High Performance, Robust and Secure Group Communication

About us
Technology Transfer
Secure Spread

Yearly Technical Report, July 2003


A practical group communication system should provide secure multicast services for peer groups over local and wide area networks. To support the environment described in the Dynamic Coalition program, such a system should scale to tens of coalition parties, with hundreds of servers, supporting thousands of users. This service is crucial for building distributed applications that work in dynamic environments and communicate over unsecured networks (e.g. the Internet). It is also important for enabling other infrastructures for these environments, such as replicated certification, highly available policy management, and high performance access control.

A common claim today is that a wide-area, secure group communication system with strict reliability semantics and strict security requirements, cannot perform well enough to be practical. Based on our past and current work, we claim that with careful protocol design, a system that is limited to the size of the above peer groups can perform well without relaxing any of the security or reliability guarantees. The objective of this project is to build it.


Our technical approach builds our work with the Spread group communication system (http://www.spread.org) and the CLIQUES key agreement protocols suite (http://sconce.ics.uci.edu/cliques/). Our approach includes the following innovative aspects:

  • Constructing group communication protocols that support wide and local area networks with tens of sites, hundreds of servers, and thousands of users.
  • Current key agreement protocols are not designed to tolerate failures and changes in the membership during their execution. Our protocols, in contrast, will be completely resilient to any sequence of such events. We believe this will be the first robust implementation of distributed key agreement protocols that provide perfect forward secrecy, group membership authentication, non-repudiation, and resilience to known-key attacks.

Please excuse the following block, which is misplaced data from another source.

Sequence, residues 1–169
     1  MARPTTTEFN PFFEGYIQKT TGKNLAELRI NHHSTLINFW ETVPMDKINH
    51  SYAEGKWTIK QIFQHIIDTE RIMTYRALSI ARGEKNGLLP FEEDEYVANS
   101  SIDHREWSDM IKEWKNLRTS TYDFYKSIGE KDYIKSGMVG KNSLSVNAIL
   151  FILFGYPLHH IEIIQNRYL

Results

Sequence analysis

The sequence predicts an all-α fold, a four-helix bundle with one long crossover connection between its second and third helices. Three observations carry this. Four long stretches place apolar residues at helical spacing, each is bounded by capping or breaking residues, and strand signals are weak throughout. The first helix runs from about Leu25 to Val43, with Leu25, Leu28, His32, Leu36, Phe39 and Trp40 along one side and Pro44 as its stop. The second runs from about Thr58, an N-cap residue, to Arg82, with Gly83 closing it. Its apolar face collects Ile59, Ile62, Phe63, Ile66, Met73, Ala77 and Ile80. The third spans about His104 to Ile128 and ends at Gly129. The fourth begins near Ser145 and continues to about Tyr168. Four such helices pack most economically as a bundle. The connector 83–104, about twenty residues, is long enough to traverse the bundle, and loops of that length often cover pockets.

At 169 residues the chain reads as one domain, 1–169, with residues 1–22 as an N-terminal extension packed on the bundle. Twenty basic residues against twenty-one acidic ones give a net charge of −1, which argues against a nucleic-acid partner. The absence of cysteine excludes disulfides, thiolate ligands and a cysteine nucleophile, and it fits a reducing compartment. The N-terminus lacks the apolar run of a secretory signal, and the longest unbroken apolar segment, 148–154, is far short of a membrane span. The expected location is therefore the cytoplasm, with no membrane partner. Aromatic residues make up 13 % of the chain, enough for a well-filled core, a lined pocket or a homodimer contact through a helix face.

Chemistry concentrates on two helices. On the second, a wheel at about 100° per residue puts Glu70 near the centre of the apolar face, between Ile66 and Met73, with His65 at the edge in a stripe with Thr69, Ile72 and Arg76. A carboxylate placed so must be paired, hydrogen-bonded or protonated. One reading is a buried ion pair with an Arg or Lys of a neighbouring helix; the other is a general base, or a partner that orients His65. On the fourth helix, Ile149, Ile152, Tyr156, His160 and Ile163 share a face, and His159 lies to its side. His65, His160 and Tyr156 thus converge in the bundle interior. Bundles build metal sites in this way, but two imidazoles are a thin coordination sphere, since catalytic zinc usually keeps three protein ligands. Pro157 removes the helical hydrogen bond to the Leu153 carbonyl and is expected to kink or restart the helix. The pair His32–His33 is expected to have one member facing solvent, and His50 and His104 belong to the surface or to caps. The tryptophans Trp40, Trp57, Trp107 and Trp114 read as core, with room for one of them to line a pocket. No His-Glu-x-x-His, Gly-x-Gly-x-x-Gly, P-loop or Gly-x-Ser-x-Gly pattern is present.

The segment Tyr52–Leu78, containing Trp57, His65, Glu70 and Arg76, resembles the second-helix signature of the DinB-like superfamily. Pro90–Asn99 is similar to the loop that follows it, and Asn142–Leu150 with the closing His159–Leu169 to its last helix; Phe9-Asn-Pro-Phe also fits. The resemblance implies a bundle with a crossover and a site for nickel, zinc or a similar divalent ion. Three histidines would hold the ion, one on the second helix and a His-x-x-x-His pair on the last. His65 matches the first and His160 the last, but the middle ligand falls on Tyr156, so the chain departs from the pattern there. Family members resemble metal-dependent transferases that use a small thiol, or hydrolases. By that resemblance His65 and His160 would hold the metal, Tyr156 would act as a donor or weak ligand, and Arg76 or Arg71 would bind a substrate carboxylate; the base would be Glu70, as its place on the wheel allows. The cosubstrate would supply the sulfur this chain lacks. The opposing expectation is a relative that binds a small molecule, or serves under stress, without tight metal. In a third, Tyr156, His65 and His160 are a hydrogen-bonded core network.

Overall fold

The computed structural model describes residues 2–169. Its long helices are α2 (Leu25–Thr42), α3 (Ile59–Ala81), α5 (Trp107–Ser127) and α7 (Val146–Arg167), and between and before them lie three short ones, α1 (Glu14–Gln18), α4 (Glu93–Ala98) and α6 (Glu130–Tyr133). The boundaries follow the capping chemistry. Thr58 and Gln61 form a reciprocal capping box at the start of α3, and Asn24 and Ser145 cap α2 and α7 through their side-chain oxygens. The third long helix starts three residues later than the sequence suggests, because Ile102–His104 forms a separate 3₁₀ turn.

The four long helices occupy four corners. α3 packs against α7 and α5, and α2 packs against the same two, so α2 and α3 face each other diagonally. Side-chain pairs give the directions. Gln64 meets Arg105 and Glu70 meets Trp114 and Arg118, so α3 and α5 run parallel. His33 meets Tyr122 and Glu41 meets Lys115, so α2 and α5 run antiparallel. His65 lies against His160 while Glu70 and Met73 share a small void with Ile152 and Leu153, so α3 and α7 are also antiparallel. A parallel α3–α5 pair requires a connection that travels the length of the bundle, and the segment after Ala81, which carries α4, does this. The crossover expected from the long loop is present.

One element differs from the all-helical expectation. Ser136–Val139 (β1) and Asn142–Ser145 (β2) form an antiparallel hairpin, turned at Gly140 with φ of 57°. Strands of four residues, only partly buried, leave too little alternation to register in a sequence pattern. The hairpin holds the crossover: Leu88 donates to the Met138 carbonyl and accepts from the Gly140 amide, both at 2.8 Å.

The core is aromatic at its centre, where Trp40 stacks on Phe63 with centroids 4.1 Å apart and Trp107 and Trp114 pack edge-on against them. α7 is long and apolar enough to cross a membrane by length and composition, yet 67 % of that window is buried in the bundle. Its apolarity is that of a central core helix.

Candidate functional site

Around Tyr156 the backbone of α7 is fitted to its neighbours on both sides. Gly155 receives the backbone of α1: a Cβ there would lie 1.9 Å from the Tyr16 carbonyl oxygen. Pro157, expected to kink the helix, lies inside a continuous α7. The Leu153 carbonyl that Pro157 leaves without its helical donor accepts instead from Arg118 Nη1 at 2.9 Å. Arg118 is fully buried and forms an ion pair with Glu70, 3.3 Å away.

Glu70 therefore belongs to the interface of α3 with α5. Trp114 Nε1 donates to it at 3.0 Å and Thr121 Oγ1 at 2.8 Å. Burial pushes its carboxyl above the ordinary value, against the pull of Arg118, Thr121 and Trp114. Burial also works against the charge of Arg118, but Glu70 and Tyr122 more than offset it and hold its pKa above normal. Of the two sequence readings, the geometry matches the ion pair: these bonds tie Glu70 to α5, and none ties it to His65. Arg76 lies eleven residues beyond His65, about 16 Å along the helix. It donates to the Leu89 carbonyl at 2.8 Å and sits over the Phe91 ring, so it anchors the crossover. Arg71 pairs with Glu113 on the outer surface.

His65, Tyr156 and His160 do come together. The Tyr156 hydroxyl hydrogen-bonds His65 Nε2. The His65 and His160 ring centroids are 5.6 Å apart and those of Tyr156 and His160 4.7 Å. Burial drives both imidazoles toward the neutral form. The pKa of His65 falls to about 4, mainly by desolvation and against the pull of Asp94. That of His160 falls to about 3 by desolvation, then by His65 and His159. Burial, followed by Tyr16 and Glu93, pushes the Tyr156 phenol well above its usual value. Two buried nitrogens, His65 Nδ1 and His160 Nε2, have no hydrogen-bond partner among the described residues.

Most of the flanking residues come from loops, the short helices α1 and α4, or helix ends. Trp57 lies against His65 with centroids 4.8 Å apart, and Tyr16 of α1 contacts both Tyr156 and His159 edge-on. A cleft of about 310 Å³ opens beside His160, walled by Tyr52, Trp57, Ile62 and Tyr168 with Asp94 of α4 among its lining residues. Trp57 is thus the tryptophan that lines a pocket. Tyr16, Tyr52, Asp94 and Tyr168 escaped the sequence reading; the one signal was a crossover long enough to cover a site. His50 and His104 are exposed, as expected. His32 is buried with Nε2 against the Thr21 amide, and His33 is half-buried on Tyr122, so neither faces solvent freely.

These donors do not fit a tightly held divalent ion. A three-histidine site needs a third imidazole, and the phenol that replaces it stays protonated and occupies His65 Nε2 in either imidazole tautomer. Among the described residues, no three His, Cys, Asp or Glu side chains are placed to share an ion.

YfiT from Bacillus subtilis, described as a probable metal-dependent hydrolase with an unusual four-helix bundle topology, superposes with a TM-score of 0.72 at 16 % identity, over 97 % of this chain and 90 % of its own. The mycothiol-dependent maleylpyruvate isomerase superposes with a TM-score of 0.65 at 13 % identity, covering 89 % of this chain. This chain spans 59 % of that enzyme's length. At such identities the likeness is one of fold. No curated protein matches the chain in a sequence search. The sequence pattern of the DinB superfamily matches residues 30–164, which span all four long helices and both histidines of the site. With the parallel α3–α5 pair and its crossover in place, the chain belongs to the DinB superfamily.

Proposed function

• The performance of a group key generation protocol is very dependent on the network structure, the relative power of machines, and the algorithm used. We do not think that there can be one key agreement protocol that outperforms all other protocols in all of the possible environments. Instead, we will develop several different algorithms, each optimized (performance-wise) for a different setting.
  • We design and build a modular architecture that allows different security protocols to be plugged in. The architecture will switch protocols during execution in agreement with other members, so that the most suitable protocol for the current situation is invoked. The selection will be based on the current state of the network, available system resources, the number of members in the group, a user defined policy, etc.
  • The current state of the art in secure group communication implements security as a layer, separate from the reliability, ordering, and membership services. Although this structure has much merit, there is a high performance cost attached. We will build two versions of our system that share most of the code and infrastructure. The Layered Architecture version will have the security services provided on top of the reliability, ordering and membership services. The Integrated Architecture version will tailor the security protocols into the core reliability, ordering and membership services, drastically cutting the latency and bandwidth cost associated with group membership changes.
  • In a Dynamic Coalition environment, it is likely that each coalition party will retain its autonomy, which includes full control over its part of the infrastructure. This is in contrast to current group communication architectures that assume one administrative domain. Our system will allow multiple autonomous control domains, while still preserving the tightly coupled group communication semantics.

Recent Accomplishments

During this period, we continued our efforts on the dual track: improving on our layered architecture system, Secure Spread, and developing/designing the integrated architecture. In addition, a major effort was the participation in the Red Team Experimentation Project. Below, we detail on these three directions.

Layered Architecture

The results of this work are: a new release of Secure Spread (upgraded to support the newest Cliques library that broke backwards compatibility). We continued the experiments on the layered architecture with focus on evaluating the cost of establishing a new key when group membership changes because of merges or partitions. We have results for all five group key management protocol supported by Secure Spread. These results are available in a technical report below.

Integrated Architecture